Thursday, May 28, 2009

Same Time. Same Place.

Heavy gray clouds blanketed the pink summer skies, but they could not steal the warm tingling feeling which the rays left in their wake. A strong wind blew swirls of dust into the eyes of the disillusioned pedestrians, making them quicken their pace. A storm was brewing, and true to their instincts, no wise human being wanted any part of it.

He stopped at the glass door and turned his back on the wind blown chaos. Once inside, he would have to weather a different kind of storm. A storm he both feared and welcomed. It would be the same as it would have been for the last fifteen years.

She would sit at the same table; she would sip the same brand of wine. She would wear yet another shade of blue and once again she would sit there without uttering a single word, till it was time to get up and leave.

Like he had for the past fifteen years, he would sit right behind her, three tables away. He would watch her elegant fingers wrap and unwrap around the stem of her glass. He remembered that gesture so well. She would always do that when she was mad at him and was struggling hard to reign in her ebbing temper.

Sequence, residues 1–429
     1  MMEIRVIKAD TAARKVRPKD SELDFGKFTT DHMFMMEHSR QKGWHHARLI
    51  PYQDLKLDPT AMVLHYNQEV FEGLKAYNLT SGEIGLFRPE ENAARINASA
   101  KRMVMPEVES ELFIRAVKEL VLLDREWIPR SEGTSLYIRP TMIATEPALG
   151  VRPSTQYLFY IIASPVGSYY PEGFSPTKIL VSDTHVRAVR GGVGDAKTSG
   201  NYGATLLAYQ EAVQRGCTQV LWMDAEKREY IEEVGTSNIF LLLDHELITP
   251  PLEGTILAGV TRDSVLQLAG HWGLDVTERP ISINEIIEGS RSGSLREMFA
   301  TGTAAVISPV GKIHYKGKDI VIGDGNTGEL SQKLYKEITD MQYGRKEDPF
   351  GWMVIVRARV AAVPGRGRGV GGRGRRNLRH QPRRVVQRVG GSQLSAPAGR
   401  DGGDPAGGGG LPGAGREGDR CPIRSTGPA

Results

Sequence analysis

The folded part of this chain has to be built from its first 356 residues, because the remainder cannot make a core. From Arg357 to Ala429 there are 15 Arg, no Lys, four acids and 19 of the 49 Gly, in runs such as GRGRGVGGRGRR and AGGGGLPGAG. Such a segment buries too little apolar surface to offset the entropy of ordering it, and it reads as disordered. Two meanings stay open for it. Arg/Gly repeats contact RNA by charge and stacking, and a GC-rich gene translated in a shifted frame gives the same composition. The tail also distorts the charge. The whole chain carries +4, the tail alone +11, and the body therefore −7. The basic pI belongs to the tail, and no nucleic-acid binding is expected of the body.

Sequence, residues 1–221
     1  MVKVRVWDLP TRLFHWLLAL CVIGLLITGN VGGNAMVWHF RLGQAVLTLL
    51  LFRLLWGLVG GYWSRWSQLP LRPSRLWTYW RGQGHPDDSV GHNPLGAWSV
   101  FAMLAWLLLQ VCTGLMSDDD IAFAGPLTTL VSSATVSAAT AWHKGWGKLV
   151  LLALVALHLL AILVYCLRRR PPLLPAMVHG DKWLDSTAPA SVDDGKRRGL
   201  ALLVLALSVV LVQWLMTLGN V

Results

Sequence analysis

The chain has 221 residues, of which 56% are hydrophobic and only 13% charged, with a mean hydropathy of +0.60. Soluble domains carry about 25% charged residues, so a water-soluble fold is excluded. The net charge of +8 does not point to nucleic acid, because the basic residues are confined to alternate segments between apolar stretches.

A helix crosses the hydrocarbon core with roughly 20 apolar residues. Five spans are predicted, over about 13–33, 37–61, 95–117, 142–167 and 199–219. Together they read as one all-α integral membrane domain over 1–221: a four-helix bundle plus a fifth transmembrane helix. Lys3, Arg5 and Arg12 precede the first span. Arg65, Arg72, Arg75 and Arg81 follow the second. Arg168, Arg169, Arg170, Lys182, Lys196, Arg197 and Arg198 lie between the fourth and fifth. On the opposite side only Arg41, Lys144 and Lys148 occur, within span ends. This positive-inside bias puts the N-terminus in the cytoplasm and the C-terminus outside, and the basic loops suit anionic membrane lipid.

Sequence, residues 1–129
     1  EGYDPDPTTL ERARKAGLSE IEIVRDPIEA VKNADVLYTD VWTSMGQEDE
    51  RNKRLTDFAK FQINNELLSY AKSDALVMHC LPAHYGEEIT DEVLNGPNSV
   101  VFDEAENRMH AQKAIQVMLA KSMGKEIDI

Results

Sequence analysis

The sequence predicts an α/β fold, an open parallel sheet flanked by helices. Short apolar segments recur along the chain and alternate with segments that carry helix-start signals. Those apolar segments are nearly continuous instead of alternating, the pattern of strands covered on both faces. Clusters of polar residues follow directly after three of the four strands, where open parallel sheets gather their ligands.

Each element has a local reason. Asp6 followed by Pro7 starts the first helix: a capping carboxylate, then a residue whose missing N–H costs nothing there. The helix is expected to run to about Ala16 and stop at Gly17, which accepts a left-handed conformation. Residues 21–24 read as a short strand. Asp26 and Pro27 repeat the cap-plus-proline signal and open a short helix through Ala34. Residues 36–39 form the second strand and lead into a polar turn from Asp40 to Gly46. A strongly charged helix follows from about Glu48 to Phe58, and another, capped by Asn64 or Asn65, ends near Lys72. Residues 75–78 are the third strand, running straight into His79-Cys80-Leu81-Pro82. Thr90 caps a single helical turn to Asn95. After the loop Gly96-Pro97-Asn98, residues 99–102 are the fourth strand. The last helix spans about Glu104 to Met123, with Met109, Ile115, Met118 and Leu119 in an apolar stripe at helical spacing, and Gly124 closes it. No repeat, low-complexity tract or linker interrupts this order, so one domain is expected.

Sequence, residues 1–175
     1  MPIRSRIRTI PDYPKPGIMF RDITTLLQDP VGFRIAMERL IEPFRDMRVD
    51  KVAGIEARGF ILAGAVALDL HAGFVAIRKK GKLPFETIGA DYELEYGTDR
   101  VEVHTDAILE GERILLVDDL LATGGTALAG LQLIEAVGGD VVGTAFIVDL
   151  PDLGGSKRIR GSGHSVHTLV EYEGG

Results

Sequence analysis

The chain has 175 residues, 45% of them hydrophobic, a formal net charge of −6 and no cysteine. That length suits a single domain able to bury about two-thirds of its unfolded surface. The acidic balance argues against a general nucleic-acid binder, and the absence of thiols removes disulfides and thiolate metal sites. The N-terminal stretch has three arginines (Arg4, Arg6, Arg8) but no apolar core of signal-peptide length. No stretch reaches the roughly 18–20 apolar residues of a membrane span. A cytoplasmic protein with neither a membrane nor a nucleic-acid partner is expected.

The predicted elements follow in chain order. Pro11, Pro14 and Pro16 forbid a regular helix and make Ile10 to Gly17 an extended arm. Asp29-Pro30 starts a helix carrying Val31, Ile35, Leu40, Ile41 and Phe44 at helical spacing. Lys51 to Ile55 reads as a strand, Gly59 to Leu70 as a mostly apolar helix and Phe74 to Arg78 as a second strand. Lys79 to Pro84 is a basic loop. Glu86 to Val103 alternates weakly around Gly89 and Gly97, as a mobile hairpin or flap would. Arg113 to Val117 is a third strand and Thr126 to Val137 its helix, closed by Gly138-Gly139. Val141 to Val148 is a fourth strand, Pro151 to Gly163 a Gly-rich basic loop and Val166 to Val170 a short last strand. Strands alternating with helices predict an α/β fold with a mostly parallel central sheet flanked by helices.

“It’s safer for the world, if only one of us were angry at a time,” she would kid him; hours after their fights had blown over.

He missed her so much, it was unbearable. Yet, he would bear it through the four seasons spread across the three hundred and sixty four days, to endure the sweet torture of just watching her from this sacred distance, today. Once again, he would toy with the idea of approaching her, for a million times in every second. Once again echoes of the past would chain him to his chair.

Her screams would deafen him to the voice of the speaker. Memories once again clouded his vision as he traveled fifteen years back in time.

“He is not answering the phone!” she half screamed at him. He understood she was not really screaming at him. She was annoyed about feeling helpless.

“Its ok, honey,” he reasoned with her, “look his breathing is stable. We don’t want to jump the gun and raise false alarms, do we?”